The Comic Book Club: Steel and Ultimate Comics Captain America

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DOUGLAS: As for Ultimate Comics Captain America #1: I thought the point of the Ultimate line was to do things with the Marvel characters that couldn’t be done in a 616 series–the extended teenage soap opera that is Bendis’s Ultimate Spider-Man, the chopped-and-screwed remix that was Ultimate Fantastic Four, the let’s-break-all-the-toys dick move of Ultimatum. (I also thought both this and Ultimate Comics Thor were supposed to be released day-and-date digitally, but as of Wednesday night, when I’m writing this, neither this issue nor last week’s Ultimate Thor are on Marvel’s app yet.)

But this? This is a couple of paste-ups away from being a straightforward Marvel Universe Captain America miniseries. The biggest twist is the appearance of a 25-year-old character at the very end of the story, with his role slightly modified. Aaron’s a solid dramatist–that opening scene is pretty effective–and it’s interesting to see Ron Garney working in that slicked-up, Bryan Hitch-ish style that’s become the default for the Ultimate line. (It’s also interesting that, like Rob Liefeld, Garney apparently doesn’t like to draw feet: there are only seven pages this issue on which we see a full human figure, and there are a couple on which characters’ bodies extend beyond the panel borders but are cut off at the thigh. That’s the risk of “widescreen” layouts, I suppose.) I just don’t understand why it’s an Ultimate title, other than that Ed Brubaker’s basically got a lock on the Marvel Universe version of Captain America (with a more interesting interpretation).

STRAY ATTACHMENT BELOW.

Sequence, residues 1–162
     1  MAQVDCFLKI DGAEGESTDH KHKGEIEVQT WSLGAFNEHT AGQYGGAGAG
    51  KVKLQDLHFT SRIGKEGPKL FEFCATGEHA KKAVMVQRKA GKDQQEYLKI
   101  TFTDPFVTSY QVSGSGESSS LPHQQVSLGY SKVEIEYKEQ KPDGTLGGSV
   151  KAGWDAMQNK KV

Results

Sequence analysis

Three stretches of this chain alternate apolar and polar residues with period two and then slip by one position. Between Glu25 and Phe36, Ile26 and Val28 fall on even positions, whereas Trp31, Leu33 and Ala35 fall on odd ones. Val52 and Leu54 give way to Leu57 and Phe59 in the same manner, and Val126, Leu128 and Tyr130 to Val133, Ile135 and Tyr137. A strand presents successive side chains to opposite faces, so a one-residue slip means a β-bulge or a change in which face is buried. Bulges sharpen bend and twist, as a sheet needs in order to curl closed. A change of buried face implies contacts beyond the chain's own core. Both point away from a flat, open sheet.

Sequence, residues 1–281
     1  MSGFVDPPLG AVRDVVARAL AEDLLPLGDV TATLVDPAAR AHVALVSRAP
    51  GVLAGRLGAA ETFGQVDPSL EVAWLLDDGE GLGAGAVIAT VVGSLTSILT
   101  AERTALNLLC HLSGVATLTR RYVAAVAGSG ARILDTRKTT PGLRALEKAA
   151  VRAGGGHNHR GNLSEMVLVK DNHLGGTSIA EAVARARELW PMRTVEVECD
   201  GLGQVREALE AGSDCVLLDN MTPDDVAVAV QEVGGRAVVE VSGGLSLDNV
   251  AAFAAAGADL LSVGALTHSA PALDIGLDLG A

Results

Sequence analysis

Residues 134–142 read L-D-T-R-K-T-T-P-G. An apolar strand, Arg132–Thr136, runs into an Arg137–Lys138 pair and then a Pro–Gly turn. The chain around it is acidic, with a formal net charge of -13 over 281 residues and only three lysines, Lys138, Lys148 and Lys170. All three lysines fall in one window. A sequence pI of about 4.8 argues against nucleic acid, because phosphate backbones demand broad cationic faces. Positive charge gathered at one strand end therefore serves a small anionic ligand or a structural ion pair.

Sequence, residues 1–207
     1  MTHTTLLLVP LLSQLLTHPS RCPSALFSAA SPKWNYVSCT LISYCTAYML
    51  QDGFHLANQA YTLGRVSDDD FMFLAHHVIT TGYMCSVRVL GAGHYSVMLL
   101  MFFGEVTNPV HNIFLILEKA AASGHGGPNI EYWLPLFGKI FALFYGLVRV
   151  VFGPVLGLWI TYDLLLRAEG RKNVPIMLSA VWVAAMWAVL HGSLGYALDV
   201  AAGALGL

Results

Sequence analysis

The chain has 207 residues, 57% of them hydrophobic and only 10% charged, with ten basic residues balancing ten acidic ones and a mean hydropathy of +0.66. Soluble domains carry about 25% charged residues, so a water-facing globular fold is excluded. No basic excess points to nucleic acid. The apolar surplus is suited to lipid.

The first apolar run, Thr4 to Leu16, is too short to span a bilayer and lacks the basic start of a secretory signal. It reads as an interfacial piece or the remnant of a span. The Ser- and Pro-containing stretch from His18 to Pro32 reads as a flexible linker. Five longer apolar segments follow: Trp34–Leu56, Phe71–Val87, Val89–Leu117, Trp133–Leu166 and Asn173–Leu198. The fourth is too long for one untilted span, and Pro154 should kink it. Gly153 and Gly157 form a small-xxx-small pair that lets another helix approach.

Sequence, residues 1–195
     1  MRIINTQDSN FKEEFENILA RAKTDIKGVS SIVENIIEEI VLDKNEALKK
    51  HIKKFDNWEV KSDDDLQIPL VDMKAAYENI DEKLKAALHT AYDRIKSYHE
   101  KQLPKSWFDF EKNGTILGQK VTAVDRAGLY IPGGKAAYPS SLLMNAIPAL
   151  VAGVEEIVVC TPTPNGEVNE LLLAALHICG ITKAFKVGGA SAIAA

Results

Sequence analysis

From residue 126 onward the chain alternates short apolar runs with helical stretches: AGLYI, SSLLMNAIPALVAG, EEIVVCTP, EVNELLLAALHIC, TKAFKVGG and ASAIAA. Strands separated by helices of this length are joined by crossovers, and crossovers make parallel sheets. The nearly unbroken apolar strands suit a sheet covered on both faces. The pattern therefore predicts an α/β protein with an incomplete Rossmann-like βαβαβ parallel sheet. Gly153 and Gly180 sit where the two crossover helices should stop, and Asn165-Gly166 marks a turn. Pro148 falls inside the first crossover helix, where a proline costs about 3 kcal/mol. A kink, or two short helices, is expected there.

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GRAEME: I’m glad it’s not just me who thought that this was a retread of stories I’d already read elsewhere. It seems pointless to accuse the Ultimate line of being unoriginal, despite Brian Michael Bendis’ constant “This is the line where ANYTHING CAN HAPPEN!” claims; more and more, the Ultimate line seems like the place where writers can live out their fanfic for the stories they loved in their youth. It’s not bad, exactly, but there’s nothing really that interesting about it, either, and “Cap versus Extremist Replacement Cap!” as an idea feels like something that Steve Englehart did a lot better thirty-odd years ago.

That said, I really liked the art here. Garney’s a weird artist who used to live or die depending on who inked him. Here, with no inker and a relatively sympathetic colorist, I think he looks really good – and I didn’t even notice the lack of feet anywhere.

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